Another case, which NetWare did not handle, is that of rejected
authentication. Even if you went with the first model, and forced
your programmers to use expensive inter-thread synchronization, or
worse, bound each client to a single thread in the server, thus
rendering the system likely to have skewed thread load, getting
worse the longer the connection was up, you would still have the
problem of rejected authentication. A client might attempt to
send authentication followed by commands in the same packet series,
without waiting for an explicit ACK after each one (i.e. it might
attempt to implement a sliding window over a virtual circuit), and
the system on the other end might dilligently queue the events,
only to have the authentication be rejected, but with packets
queued already to user space for processing, assuming serialization
in user space. You would then need a much more complex mechanism,
to allow you to invalidate an already queued event to another
thread, which you don't know about in your thread, before you
release the interlock. Otherwise the client may get responses
without a valid authentication.

You need look no further than LDAPv3 for an example of a protocol
where this is possible (assuming X.509 certificate based SASL
authentication, where authentication is not challenge-response,
but where it consists solely of presenting ones certificate).


When considering this API, you have to consider more than just
the programming models you think are "right", you have to
consider all of the that are possible.

All in all, this is an interesting discussion. 8-).


Terry Lambert
[email protected]
---
Any opinions in this posting are my own and not those of my present
or previous employers.

2000-10-28 00:19:35

by Dan Kegel

[permalink] [raw]
Subject: Re: kqueue microbenchmark results

Terry Lambert wrote:
>
> > > Which is precisely why you need to know where in the chain of events this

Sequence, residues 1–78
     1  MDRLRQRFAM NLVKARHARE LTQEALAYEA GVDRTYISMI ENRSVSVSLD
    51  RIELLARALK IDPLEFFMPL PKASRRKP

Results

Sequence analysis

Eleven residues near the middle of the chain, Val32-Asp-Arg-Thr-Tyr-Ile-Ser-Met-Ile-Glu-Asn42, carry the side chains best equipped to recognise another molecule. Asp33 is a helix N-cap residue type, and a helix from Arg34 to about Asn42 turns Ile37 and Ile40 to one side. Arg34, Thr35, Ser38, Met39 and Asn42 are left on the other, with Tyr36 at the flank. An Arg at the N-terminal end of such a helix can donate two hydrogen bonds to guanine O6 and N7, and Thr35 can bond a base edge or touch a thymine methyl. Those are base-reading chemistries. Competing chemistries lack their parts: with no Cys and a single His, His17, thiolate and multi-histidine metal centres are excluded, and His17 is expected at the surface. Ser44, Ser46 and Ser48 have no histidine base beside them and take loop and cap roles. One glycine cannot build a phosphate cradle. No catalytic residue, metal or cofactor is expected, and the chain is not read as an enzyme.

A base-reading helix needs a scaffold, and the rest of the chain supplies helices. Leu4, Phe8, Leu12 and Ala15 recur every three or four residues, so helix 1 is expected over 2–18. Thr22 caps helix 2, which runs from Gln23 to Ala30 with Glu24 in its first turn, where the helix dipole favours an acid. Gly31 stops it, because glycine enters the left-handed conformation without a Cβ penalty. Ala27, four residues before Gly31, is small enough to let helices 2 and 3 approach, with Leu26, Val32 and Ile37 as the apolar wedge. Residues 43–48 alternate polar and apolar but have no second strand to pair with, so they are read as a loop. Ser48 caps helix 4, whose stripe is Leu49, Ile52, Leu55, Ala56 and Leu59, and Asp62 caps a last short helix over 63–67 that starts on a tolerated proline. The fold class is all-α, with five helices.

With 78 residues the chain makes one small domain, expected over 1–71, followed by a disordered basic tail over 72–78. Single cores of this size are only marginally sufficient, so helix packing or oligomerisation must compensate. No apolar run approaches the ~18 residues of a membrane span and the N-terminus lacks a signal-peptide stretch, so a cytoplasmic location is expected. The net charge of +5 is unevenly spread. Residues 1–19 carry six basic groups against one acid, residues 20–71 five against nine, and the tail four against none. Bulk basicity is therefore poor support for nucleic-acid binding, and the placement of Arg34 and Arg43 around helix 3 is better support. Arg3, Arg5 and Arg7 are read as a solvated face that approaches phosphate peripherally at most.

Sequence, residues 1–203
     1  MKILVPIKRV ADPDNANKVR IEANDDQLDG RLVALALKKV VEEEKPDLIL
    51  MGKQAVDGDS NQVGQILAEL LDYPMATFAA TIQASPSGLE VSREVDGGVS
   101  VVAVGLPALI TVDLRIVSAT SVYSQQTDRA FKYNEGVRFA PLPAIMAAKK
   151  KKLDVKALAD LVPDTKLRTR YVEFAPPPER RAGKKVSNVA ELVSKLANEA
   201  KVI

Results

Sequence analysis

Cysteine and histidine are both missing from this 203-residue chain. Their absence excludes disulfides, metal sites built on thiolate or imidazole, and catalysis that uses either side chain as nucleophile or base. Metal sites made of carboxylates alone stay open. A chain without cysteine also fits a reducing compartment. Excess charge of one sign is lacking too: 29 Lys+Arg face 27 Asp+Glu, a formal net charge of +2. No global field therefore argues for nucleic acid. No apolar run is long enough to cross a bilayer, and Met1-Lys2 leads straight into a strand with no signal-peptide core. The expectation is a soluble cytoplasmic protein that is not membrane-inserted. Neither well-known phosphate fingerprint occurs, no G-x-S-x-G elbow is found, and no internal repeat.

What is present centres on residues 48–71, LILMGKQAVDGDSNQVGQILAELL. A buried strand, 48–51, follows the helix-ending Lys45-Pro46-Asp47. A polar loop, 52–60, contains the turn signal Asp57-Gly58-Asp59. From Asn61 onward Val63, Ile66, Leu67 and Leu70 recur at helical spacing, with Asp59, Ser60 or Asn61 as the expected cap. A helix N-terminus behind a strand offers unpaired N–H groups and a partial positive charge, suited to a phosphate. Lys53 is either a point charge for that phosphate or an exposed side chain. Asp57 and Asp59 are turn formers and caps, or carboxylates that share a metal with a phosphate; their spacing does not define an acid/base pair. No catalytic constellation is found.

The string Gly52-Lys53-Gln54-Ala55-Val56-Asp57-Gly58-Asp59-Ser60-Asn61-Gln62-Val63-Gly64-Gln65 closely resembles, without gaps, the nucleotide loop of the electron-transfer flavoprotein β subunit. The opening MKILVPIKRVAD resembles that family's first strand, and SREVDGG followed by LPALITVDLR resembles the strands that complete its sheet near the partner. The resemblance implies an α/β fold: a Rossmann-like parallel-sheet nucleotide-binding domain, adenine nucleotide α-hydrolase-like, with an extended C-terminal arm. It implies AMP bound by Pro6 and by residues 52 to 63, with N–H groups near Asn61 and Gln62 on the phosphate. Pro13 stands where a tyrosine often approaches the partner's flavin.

> > > happened. Otherwise if I see
> > > 'read on fd 5'
> > > 'read on fd 5'
> > > How do I know which read is for which fd in the multithreaded case
> >
> > That can't happen, can it? Let's say the following happens:
> > close(5)
> > accept() = 5
> > call kevent() and rebind fd 5
> > The 'close(5)' would remove the old fd 5 events. Therefore,
> > any fd 5 events you see returned from kevent are for the new fd 5.
>
> Strictly speaking, it can happen in two cases:
>
> 1) single acceptor thread, multiple worker threads
> 2) multiple anonymous "work to do" threads
>
> In both these cases, the incoming requests from a client are
> given to any thread, rather than a particular thread.
>
> In the first case, we can have (id:executer order:event):
>
> 1:1:open 5
> 2:2:read 5
> 3:4:read 5
> 2:3:close 5
>
> If thread 2 processes the close event before thread 3 processes
> the read event, then when thread 3 attempts procssing, it will
> fail.

You're not talking about kqueue() / kevent() here, are you?
With that interface, thread 2 would not see a close event;
instead, the other events for fd 5 would vanish from the queue.
If you were indeed talking about kqueue() / kevent(), please flesh
out the example a bit more, showing who calls kevent().

(A race that *can* happen is fd 5 could be closed by another
thread after a 'read 5' event is pulled from the event queue and
before it is processed, but that could happen with any
readiness notification API at all.)

- Dan